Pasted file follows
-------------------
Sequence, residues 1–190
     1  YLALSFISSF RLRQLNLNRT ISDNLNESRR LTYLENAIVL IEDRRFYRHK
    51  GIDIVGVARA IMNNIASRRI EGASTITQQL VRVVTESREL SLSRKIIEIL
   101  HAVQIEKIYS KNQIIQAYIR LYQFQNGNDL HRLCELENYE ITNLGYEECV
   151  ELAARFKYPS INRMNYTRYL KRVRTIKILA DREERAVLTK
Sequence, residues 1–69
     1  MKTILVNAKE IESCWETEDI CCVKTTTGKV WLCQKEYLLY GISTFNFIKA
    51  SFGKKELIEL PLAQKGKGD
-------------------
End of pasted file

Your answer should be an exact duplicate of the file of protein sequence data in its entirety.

Sequence, residues 1–190
     1  YLALSFISSF RLRQLNLNRT ISDNLNESRR LTYLENAIVL IEDRRFYRHK
    51  GIDIVGVARA IMNNIASRRI EGASTITQQL VRVVTESREL SLSRKIIEIL
   101  HAVQIEKIYS KNQIIQAYIR LYQFQNGNDL HRLCELENYE ITNLGYEECV
   151  ELAARFKYPS INRMNYTRYL KRVRTIKILA DREERAVLTK
Sequence, residues 1–69
     1  MKTILVNAKE IESCWETEDI CCVKTTTGKV WLCQKEYLLY GISTFNFIKA
    51  SFGKKELIEL PLAQKGKGD